This is an interesting. As a non-jew, it seems to be an example of how the very orthodox can obey the letter of the law, and not the spirit. I don't know if that's how jewish people would interpret this, though.
"Sympathy is something that shouldn't be bestowed on the Yankees. Apparently it angers them." - Bob Feller
Go3Team From United States of America, joined Mar 2004, 3269 posts, RR: 14
Reply 4, posted (10 years 2 months 17 hours ago) and read 1070 times:
From my understanding, it sounds about right. On the holy day(s) one can get in an elevator but not push the buttons, one can put a pot on the stove, but not turn off the heat. Its all so clear to me now.
WhiteHatter From , joined Dec 1969, posts, RR:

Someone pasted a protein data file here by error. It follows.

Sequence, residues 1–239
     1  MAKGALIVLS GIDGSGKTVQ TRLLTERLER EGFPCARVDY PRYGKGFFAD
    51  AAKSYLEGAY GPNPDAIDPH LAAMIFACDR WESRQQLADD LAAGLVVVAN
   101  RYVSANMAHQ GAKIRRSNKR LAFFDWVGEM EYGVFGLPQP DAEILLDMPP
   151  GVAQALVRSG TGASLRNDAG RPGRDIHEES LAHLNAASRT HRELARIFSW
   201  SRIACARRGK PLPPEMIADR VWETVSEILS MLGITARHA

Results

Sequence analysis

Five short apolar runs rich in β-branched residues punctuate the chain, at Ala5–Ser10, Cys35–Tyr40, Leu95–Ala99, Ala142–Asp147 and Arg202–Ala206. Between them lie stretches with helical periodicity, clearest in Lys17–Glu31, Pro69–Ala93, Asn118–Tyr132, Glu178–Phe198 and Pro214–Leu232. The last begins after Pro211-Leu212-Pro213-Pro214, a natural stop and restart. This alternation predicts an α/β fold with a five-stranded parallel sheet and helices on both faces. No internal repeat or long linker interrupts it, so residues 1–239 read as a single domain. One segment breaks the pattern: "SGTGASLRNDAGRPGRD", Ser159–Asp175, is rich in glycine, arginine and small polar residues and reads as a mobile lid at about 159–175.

Reply 6, posted (10 years 2 months 15 hours ago) and read 1022 times:
That's not really voluntary euthanasia as I read the article. It's pulling the plug, which is something different.
The idea is sound enough though and could be adapted for voluntary use if needed, although there are still offences in many jurisdictions which would cause problems for those people needed to set it up.
It's an issue I have very strong feelings on. The right to a dignified death should be sacrosanct in law when a patient is terminally ill but can give their consent, either in person or via a living will.